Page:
Who, Exactly, Isn’t Playing Nicely Over Chautauqua Lake Policy

County Executive George Borrello is going to have a tough time forging any sort of consensus on a Chautauqua Lake plan if Monday is any indication.

Borrello has been working on a memorandum of understanding for a coordinated plan of attack to the weed and algal bloom issues on the lake, with a goal of having the memorandum signed this month. Herbicide use, it appears, is going to be part of Borrello’s solution according to his public statements on the issue.

But, earlier this month, several lake organizations signed their own letter penned by the Chautauqua Watershed Conservancy stating their preference that herbicides be used only as a last resort. Then, on Monday, a news release from the Chautauqua Lake Association — one of the signers of the conservation statement — laid out the organization’s concerns with herbicide applications submitted to the state Department of Environmental Conservation by the towns of towns of North Harmony, Busti, Ellicott and Ellery and the villages of Lakewood and Celoron.

Contacted later in the day, Paul Stage, Chautauqua Lake Association board president, said he “would be hard-pressed to find a reason why herbicides should be used in Chautauqua” unless a weed species like hydrilla were to appear in the lake. He also told The Post-Journal that “I think our board is past playing nice. I think our board is taking a position that we’re going to do what is right for the lake in our opinion.”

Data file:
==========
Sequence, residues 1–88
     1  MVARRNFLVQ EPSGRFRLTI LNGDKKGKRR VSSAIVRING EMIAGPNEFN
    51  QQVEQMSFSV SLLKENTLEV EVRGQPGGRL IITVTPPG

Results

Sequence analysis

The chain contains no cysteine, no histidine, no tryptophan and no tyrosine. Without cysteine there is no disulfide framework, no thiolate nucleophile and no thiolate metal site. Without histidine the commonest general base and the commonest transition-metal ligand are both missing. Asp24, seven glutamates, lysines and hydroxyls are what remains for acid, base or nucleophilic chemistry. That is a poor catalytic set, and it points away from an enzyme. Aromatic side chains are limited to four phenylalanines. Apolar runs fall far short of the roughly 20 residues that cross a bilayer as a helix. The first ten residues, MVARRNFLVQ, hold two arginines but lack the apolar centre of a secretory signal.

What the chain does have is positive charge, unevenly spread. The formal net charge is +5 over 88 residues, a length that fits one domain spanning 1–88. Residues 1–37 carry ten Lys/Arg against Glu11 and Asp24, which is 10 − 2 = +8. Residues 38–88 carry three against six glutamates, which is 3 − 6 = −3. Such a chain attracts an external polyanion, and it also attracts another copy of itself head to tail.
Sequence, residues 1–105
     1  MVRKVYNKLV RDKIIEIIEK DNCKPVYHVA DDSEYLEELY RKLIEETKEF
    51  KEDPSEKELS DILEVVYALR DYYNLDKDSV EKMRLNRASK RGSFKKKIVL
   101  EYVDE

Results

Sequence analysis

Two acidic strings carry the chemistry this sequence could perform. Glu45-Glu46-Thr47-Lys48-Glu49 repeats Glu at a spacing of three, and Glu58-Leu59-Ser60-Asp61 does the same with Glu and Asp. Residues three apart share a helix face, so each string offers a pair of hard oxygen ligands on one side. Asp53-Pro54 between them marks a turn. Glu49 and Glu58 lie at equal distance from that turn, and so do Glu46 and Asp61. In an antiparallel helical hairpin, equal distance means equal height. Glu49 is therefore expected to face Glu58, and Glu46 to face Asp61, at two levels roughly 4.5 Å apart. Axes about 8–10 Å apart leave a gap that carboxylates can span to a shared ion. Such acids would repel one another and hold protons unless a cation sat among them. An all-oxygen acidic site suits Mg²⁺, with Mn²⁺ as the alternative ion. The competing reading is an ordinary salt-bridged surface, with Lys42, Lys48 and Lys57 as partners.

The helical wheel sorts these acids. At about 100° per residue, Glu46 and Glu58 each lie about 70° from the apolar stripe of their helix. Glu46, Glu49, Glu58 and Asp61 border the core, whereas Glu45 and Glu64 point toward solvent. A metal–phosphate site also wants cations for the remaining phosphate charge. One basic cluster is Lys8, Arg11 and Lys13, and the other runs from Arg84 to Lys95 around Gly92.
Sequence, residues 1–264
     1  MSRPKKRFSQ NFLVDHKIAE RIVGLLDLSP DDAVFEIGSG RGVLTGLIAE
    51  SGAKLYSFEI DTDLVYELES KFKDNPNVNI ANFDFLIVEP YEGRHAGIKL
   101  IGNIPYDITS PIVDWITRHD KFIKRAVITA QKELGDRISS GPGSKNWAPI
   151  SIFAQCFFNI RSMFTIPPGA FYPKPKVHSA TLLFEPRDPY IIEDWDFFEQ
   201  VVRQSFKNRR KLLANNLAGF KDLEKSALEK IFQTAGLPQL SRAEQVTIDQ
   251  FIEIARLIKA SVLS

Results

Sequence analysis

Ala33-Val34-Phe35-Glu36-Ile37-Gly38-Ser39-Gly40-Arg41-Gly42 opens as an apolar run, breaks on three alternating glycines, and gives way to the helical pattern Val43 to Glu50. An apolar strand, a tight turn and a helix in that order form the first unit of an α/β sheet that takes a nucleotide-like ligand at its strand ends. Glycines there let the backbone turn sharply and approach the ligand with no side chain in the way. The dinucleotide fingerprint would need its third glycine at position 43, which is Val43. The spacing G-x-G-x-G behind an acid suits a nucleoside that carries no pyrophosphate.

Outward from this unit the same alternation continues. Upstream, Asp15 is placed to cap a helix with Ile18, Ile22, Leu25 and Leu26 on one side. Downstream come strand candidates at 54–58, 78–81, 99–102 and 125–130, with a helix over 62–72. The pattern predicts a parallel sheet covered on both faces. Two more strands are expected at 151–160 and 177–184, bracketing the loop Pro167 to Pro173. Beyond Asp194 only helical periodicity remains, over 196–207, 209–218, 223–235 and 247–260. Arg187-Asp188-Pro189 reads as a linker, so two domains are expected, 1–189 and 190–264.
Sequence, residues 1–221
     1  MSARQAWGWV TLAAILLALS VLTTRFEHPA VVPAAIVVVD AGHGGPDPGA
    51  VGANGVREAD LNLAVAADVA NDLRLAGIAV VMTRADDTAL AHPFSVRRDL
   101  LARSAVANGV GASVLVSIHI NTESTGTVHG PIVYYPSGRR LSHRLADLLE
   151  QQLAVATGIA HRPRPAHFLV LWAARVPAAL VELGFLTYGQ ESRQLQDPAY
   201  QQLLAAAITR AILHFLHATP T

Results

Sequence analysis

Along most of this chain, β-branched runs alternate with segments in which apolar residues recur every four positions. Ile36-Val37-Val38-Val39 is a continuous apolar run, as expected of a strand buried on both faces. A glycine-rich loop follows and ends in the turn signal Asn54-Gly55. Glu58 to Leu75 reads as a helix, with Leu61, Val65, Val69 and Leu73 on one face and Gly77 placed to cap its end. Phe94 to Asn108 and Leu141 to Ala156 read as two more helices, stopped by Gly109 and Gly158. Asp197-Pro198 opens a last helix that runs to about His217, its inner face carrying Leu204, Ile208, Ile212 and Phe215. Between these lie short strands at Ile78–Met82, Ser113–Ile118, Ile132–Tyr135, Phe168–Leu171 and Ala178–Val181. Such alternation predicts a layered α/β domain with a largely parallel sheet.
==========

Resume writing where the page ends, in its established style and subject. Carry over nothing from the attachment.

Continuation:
Whoa.

The CLA sounds like the big bully on the playground. What’s next, taking everybody’s lunch money? We’re not sure why the CLA believes they are the only group that has the absolute answer to the lake’s issues. Perhaps the next time they ask for funding from area foundations, the foundations should remember these comments. Perhaps one determination regarding funding should be an ability to work with other groups.

In the CLA’s opinion, are hundreds of Chautauqua Lake property owners wrong when they ask the people they elect to town or village boards to approve funding for herbicides? Are they mistaken about the conditions they see on their docks or out on their boats? Are they just uneducated dolts who would surely see the light if they saw the CLA’s information?

It would behoove lake groups to remember that there are educated people on both sides of the herbicide debate. There are also educated property owners who are fed up with the status quo.

About a month ago, Borrello said his goal is to have lake groups and the community manage excessive weed growth throughout the lake through short-term solutions including herbicides and weed harvesting while also handling the long-term problem by continuing to invest in projects that decrease nutrient loading and sedimentation in the lake.

“I want people to start seeing collaboration and cooperation,” Borrello said. “I want to see people put down their swords and start working together because if we don’t, the long-term is that the rest of the county is going to turn against Chautauqua Lake, and I would hate to see that happen.”

Amen, Mr. Borrello.

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